Well at least he has good trigger discipline.
Released in NY and LA in late June. Other dates: http://www.magpictures.com/dates.aspx?id=e0b17d74-6d43-44f7-8c91-802ed0d7e7a4. Rotten Tomatoes says on DVD in late October.
The Hollywood blockbuster is actually just around the corner:
Captain Phillips (2013)
Tom Hanks stars and Paul Greengrass (Bourne Ultimatum) directs. This one's based on a real incident from 2009.
Does it go into why the Somalis took up piracy? Or are they just generic goons?
Sovereignty and environmental protection
The former UN envoy for Somalia, Ahmedou Ould-Abdallah, has stated that "because there is no (effective) government, there is ... much irregular fishing from European and Asian countries," and that the UN has what he described as "reliable information" that European and Asian companies are dumping toxic and nuclear waste off the Somali coastline. However, he stresses that "no government has endorsed this act, and that private companies and individuals acting alone are responsible." In addition, Ould-Abdallah told the press that he approached several international NGOs, such as Global Witness, to trace the illicit fishing and waste-dumping. He added that he believes the toxic waste dumping is "a disaster off the Somali coast, a disaster (for) the Somali environment, the Somali population", and that what he terms "this illegal fishing, illegal dumping of waste" helps fuel the civil war in Somalia since the illegal foreign fishermen pay off corrupt local officials or warlords for protection or to secure counterfeit licenses. Ould-Abdallah noted that piracy will not prevent waste dumping:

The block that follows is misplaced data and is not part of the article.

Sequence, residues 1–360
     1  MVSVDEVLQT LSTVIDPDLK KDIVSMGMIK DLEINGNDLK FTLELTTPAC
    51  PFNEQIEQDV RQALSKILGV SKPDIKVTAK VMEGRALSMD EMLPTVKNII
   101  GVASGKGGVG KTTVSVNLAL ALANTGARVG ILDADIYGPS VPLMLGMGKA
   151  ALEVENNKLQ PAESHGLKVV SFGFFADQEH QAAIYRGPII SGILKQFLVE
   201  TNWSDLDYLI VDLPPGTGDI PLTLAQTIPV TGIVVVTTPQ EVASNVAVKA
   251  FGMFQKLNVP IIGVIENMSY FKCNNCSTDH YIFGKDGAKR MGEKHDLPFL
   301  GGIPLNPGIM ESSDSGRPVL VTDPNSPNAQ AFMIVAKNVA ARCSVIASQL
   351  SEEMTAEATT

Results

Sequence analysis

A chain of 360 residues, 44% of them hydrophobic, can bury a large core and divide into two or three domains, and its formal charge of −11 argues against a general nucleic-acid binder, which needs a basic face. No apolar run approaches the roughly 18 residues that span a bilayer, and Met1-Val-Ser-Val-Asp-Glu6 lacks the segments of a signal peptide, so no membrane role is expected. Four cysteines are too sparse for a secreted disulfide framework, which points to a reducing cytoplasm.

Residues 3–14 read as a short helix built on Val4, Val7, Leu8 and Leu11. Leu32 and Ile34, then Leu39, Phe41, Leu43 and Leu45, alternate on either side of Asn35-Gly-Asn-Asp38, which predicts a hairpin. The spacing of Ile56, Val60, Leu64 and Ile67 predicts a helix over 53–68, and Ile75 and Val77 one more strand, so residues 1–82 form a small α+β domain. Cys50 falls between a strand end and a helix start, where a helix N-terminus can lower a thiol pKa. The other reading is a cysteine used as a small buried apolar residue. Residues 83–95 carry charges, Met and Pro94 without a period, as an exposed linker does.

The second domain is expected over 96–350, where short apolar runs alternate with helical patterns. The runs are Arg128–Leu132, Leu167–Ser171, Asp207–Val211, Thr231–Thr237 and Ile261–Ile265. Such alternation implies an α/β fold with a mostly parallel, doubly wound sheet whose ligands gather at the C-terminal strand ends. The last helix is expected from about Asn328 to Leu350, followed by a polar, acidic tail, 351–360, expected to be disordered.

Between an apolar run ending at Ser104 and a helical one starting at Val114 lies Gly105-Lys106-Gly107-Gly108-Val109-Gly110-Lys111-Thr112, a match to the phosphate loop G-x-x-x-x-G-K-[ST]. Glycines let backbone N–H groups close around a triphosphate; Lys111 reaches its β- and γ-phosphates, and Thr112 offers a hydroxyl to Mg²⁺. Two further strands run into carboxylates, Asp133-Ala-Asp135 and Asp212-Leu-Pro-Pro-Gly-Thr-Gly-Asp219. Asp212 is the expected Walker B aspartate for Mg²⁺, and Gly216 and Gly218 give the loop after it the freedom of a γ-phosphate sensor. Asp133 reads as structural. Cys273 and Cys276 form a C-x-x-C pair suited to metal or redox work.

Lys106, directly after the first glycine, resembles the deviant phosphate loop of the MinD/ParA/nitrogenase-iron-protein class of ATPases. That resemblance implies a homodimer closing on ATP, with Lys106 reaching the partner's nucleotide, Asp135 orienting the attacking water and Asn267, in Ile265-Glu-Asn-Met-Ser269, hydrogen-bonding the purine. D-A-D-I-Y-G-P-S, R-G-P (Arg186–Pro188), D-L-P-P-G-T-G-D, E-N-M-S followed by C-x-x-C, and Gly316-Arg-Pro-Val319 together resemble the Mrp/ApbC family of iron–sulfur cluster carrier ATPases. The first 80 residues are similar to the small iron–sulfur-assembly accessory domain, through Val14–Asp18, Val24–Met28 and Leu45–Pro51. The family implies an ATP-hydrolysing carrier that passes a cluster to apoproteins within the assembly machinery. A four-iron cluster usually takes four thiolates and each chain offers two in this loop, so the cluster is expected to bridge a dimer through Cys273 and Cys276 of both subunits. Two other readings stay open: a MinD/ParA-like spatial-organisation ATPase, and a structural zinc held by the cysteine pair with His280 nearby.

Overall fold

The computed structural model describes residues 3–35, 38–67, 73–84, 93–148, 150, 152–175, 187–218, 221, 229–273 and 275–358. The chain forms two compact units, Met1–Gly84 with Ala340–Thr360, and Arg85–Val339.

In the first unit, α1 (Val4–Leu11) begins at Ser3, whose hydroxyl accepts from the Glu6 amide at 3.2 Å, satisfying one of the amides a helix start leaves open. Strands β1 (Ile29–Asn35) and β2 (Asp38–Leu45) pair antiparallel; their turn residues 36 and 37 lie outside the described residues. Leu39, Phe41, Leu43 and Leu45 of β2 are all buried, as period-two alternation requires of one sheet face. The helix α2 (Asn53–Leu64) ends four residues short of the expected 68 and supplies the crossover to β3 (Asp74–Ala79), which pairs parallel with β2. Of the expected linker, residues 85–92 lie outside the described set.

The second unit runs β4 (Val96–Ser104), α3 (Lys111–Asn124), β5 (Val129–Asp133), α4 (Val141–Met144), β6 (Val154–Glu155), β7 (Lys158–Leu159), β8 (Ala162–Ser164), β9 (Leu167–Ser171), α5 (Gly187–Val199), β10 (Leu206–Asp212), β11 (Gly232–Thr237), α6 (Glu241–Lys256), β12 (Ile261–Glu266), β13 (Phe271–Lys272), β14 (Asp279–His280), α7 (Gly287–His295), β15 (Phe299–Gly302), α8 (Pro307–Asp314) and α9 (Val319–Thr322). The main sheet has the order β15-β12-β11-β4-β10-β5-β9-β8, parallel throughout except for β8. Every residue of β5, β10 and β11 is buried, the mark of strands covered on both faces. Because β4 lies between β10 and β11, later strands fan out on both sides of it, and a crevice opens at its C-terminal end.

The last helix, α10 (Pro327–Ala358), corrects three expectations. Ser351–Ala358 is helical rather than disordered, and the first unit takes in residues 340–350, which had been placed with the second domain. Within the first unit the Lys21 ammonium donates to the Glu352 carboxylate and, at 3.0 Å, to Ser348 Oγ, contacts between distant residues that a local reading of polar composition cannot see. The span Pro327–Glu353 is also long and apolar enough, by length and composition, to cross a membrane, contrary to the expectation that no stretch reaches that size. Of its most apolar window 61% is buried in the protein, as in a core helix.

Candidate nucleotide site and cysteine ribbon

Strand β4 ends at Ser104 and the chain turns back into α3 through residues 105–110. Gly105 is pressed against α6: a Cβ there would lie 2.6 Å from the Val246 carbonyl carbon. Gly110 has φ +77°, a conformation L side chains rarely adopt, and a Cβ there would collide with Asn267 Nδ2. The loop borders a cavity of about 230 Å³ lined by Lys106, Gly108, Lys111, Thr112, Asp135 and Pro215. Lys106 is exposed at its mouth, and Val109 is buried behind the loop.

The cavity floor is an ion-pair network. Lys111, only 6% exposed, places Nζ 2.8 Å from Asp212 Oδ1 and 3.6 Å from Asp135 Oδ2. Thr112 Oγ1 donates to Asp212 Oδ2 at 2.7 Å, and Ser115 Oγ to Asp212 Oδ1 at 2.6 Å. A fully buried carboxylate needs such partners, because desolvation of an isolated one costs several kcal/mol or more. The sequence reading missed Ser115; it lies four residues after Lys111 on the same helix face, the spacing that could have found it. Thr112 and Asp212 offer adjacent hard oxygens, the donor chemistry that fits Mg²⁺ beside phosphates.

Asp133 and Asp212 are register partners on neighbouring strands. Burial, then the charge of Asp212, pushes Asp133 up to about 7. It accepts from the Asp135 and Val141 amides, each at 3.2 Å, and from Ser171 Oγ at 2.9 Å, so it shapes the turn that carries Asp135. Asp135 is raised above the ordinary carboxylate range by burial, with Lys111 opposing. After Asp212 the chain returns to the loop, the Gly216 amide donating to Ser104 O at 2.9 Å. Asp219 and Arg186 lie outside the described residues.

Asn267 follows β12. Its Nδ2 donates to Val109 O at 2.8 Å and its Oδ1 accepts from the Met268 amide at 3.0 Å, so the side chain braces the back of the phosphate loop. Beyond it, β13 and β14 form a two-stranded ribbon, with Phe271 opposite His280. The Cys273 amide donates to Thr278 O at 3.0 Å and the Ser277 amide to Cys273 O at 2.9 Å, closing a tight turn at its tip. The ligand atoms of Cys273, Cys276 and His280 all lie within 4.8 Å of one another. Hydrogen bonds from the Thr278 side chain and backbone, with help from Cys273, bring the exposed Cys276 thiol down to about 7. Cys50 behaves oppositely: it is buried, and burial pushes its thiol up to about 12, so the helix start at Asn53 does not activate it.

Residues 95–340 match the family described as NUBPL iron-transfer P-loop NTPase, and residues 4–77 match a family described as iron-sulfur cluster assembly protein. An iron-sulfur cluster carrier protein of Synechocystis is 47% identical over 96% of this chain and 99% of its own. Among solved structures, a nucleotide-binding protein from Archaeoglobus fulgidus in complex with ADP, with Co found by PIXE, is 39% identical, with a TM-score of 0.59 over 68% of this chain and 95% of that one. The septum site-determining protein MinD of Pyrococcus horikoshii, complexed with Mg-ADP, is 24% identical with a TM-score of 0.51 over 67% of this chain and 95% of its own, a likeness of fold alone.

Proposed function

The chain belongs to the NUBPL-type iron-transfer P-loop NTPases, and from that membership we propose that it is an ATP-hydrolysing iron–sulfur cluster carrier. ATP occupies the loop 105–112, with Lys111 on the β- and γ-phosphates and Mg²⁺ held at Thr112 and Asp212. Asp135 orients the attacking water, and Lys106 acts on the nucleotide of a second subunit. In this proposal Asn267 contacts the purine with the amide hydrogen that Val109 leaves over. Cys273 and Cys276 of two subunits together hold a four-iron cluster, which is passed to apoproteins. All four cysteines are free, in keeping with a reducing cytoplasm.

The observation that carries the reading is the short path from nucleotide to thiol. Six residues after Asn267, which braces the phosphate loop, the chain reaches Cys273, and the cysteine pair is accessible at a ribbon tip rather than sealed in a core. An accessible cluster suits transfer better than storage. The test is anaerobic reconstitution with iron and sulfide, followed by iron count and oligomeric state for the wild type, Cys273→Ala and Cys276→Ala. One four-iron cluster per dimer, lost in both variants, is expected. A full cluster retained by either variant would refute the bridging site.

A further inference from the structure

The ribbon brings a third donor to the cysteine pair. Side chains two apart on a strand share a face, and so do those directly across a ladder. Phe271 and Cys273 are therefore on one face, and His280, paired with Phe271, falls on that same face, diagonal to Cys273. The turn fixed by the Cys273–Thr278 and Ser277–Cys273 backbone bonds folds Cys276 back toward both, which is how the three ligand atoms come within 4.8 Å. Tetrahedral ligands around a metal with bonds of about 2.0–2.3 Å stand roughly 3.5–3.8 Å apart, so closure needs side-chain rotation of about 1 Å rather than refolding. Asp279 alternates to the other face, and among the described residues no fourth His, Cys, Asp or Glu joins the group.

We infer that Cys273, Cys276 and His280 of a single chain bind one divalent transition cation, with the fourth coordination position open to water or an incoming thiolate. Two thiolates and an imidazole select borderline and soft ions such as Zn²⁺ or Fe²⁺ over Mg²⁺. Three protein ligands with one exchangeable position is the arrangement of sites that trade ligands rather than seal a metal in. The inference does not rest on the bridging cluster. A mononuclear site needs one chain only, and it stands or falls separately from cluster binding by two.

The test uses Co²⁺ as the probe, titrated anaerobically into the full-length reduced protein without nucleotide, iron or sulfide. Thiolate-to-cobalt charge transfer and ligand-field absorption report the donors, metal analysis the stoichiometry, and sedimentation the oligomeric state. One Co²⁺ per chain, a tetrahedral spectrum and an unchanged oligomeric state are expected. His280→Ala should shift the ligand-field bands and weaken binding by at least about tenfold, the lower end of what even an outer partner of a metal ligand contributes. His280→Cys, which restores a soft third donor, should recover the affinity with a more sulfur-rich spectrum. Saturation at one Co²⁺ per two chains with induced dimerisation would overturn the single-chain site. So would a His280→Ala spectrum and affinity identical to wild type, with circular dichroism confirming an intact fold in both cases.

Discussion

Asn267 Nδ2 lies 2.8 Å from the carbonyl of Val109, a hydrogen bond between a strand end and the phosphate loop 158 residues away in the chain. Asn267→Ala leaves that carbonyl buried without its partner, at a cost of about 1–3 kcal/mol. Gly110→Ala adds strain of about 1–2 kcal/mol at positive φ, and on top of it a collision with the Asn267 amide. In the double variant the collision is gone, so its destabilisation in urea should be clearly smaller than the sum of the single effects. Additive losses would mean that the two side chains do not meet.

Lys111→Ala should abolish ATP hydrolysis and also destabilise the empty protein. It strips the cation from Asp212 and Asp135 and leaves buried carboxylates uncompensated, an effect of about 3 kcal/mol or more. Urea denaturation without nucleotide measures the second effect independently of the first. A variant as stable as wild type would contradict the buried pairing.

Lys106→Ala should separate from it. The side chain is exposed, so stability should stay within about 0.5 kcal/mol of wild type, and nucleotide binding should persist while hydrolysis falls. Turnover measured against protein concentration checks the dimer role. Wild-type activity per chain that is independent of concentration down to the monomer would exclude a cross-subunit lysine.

I am convinced there is dumping of solid waste, chemicals and probably nuclear (waste).... There is no government (control) and there are few people with high moral ground[...] The intentions of these pirates are not concerned with protecting their environment. What is ultimately needed is a functioning, effective government that will get its act together and take control of its affairs.
—Ahmedou Ould-Abdallah, the UN envoy for Somalia
Somali pirates which captured MV Faina, a Ukrainian ship carrying tanks and military hardware, accused European firms of dumping toxic waste off the Somali coast and declared that the $8m ransom for the return of the ship will go towards cleaning up the waste. The ransom demand is a means of "reacting to the toxic waste that has been continually dumped on the shores of our country for nearly 20 years", Januna Ali Jama, a spokesman for the pirates said. "The Somali coastline has been destroyed, and we believe this money is nothing compared to the devastation that we have seen on the seas."
These issues have generally not been reported in international media when reporting on piracy. According to Muammar al-Gaddafi, "It is a response to greedy Western nations, who invade and exploit Somalia’s water resources illegally. It is not a piracy, it is self defence."